More Iron Equals Less Colorectal Cancer
By Michael Mooney
Surprised? Some people who are considered to be "experts," like Dr. Joseph Mercola and Dr. Andrew Weil have said, "Don't take iron. It's toxic."
No wonder people are misinformed - they've heard this notion about toxicity talked about as if it is a fact. It is not.
The study below, by AJ Cross, looked at several measures of iron in the body and found that more iron was associated with less colorectal cancer. Iron has an important role in supporting immune function, so much that the first large study of HIV-positive men by Abrams, at the University of California, Berkeley showed that 54 mg of daily iron from food plus supplements was twice as strongly associated with reducing the progression of HIV to an AIDS diagnosis as 36 mg or 18 mg of daily iron intake.
Cross AJ, et al. Iron and colorectal cancer risk in the alpha-tocopherol, beta-carotene cancer prevention study. International Journal of Cancer. 2006 Jun 15;118(12):3147-52.
In vitro and in vivo studies have associated iron with both the initiation and promotional stages of carcinogenesis. We investigated whether iron was associated with colorectal cancer in a nested case-control study within the alpha-tocopherol, beta-carotene cancer prevention study cohort. Exposure was assessed at baseline, using a 276-item food frequency questionnaire and a fasting serum sample. The study included 130 colorectal cancer cases (73 colon cancers and 57 rectal cancers) and 260 controls. Conditional logistic regression was used to estimate odds ratios (ORs) and 95% confidence intervals (CIs). Supplemental iron intake was only reported for 4 cases and 18 controls; therefore, we were unable to obtain meaningful results for this variable. Comparing the highest to the lowest quartiles, there was an inverse association between serum ferritin and colorectal cancer risk (OR = 0.4, 95% CI = 0.2-0.9) and a suggestion of an inverse association between dietary iron and colorectal cancer risk (OR = 0.4, 95% CI = 0.1-1.1). In addition, serum ferritin, serum iron and transferrin saturation were all inversely associated with colon cancer risk specifically (OR = 0.2, 95% CI = 0.1-0.7, p trend = 0.02; OR = 0.2, 95% CI = 0.1-0.9, p trend = 0.05; OR = 0.1, 95% CI = 0.02-0.5, p trend = 0.003, respectively), whereas serum unsaturated iron binding capacity was positively associated with colon cancer risk (OR = 4.7, 95% CI = 1.4-15.1, p trend = 0.009). In summary, we found a significant inverse association between several serum iron indices and colon cancer risk.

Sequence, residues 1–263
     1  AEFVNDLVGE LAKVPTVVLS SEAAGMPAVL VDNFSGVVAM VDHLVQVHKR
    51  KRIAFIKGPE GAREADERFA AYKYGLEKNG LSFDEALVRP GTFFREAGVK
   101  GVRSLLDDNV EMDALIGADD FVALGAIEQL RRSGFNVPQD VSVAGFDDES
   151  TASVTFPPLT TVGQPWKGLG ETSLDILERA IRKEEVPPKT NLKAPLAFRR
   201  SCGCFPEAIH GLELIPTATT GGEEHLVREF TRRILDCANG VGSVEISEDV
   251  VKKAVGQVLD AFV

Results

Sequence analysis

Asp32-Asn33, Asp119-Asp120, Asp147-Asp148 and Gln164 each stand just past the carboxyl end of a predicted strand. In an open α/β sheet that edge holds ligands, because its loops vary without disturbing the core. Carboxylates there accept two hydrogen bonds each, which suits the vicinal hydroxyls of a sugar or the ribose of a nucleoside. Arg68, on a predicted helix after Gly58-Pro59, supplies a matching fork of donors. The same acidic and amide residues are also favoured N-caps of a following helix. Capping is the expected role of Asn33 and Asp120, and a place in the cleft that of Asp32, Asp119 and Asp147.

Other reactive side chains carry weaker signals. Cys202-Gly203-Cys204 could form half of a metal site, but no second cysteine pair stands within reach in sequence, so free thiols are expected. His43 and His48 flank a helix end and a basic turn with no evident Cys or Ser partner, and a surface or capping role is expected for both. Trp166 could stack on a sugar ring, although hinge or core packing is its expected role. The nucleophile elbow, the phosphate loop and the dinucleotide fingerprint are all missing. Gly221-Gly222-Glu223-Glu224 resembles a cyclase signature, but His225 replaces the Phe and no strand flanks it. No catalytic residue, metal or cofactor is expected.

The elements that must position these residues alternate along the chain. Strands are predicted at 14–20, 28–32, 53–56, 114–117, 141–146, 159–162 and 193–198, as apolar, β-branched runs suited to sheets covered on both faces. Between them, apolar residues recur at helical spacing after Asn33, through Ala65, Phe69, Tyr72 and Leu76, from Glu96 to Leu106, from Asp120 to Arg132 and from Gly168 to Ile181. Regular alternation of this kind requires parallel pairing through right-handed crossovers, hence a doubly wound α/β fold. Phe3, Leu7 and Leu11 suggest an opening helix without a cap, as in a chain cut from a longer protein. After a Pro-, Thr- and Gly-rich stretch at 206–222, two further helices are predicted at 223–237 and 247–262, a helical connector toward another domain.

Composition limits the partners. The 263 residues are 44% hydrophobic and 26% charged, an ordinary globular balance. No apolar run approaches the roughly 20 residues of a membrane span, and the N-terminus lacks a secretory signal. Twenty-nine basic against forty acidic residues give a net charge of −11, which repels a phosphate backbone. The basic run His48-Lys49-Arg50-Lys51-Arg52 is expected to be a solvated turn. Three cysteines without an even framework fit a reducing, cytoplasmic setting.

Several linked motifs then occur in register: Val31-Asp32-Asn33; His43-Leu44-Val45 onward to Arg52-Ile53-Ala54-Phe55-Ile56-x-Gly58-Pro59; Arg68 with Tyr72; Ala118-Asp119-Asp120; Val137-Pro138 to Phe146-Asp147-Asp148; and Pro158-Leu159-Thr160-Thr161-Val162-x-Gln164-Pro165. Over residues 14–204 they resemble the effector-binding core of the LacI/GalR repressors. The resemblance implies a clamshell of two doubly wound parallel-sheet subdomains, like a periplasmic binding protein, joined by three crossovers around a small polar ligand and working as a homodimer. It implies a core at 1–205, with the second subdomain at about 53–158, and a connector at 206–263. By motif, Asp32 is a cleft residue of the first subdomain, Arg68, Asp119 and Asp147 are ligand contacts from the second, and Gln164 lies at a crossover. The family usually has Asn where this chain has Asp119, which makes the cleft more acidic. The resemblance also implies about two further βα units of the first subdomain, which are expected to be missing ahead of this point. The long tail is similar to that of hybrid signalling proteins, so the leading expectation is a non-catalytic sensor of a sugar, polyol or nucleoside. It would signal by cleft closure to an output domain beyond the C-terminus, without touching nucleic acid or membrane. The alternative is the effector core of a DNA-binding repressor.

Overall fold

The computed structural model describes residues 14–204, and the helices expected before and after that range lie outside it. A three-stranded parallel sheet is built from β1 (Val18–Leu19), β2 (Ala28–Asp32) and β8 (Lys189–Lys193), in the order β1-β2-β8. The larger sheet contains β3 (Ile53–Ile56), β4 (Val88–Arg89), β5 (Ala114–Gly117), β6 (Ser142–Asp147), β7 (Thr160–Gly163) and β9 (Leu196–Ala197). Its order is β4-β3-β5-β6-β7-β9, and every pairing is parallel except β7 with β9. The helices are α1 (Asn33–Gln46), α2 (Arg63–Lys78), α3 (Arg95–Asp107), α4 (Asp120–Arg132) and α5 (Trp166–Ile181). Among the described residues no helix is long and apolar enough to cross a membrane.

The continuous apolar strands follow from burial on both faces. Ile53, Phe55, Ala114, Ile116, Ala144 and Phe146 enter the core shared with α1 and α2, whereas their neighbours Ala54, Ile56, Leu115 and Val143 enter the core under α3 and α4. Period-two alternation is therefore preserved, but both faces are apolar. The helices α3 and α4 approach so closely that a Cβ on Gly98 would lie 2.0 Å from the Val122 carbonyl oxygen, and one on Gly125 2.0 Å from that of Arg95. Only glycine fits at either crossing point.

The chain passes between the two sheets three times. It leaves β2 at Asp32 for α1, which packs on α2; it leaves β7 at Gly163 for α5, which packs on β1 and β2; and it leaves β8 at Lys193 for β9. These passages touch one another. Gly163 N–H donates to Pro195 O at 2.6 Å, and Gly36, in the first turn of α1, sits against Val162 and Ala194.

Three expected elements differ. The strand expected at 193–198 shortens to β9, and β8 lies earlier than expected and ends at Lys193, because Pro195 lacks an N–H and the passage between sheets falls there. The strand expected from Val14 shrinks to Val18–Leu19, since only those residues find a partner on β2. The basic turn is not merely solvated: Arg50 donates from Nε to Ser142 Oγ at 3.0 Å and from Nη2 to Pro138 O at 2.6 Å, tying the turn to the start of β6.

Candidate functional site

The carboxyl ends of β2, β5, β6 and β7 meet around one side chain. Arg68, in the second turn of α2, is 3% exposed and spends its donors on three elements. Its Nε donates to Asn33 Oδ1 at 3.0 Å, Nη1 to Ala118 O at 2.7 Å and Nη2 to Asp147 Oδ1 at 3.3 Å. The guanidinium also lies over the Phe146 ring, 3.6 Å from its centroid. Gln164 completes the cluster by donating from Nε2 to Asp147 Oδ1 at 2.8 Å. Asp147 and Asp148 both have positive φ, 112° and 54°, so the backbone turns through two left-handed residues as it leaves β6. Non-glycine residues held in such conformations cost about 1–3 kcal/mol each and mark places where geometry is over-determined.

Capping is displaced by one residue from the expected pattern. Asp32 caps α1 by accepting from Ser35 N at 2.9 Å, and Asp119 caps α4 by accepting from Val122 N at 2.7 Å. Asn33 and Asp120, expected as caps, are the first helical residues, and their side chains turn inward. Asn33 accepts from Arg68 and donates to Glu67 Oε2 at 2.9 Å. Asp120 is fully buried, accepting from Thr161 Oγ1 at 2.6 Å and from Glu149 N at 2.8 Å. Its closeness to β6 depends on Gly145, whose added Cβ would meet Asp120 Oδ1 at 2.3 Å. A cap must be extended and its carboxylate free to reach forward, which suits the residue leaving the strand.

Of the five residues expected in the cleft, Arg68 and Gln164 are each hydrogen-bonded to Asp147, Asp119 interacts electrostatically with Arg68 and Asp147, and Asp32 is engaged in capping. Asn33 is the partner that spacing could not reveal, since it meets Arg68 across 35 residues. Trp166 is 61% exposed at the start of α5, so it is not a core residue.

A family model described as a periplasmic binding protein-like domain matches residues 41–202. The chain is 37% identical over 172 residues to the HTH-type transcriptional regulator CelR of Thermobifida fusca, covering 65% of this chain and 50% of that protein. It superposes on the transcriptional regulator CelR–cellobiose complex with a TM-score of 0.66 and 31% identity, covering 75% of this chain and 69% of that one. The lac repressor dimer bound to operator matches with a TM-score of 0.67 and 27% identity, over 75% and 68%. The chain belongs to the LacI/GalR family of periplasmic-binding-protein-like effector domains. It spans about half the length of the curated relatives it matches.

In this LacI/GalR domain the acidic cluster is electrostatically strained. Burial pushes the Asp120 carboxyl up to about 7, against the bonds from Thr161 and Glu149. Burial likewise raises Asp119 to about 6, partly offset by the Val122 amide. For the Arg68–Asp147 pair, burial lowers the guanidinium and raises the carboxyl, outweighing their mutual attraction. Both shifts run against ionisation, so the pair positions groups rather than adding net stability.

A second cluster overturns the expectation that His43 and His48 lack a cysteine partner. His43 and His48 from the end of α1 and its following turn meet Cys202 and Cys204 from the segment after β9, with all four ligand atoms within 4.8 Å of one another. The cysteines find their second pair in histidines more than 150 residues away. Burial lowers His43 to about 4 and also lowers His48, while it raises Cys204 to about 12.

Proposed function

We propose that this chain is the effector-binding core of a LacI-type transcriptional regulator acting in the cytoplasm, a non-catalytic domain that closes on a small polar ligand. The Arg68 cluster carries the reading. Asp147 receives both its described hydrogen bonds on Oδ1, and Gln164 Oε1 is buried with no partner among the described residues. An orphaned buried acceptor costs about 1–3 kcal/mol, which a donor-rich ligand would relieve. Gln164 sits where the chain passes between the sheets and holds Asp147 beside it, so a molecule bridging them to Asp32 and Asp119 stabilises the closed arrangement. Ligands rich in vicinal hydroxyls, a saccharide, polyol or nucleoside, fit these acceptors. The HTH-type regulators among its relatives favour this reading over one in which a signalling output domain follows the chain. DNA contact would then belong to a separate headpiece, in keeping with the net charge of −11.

Another study said that higher ferritin was associated with less colorectal cancer. Ferritin is a blood test that tells us how much iron we have stored in our bodies.
Karo I, et al. Iron intake, body iron stores and colorectal cancer risk in women: a nested case-control study. International Journal of Cancer. 1999 Mar 1;80(5):693-8.
Accumulated evidence suggests that increased body iron stores may increase the risk of colorectal cancer, possibly via catalyzing oxidation reactions. We examined the relationship between iron status and colorectal cancer in a case-control study nested within the New York University Women's Health Study cohort. For 105 incident cases of colorectal cancer with an average follow-up of 4.7 years and 523 individually matched controls, baseline levels of serum iron, ferritin, total iron binding capacity (TIBC) and transferrin saturation were determined as indicators of body iron stores, and total iron intake was assessed based on their diet and supplement intake. Overall, there were no associations between the risk of colorectal cancer and any of these indices except for serum ferritin, which showed a significant inverse association. When analyzed by subsite, there was an increasing trend in risk of cancer of the proximal colon with increasing total iron intake (p-value for trend = 0.04). In addition, a significantly increased risk of colorectal cancer associated with higher total iron intake [odds ratio (OR) = 2.50; 95% confidence interval (CI): 1.06-5.87] was observed among subjects with higher intake of total fat. Our results do not support a role of increased body iron stores in the development of colorectal cancer, but suggest that luminal exposure to excessive iron may possibly increase the risk in combination with a high fat diet.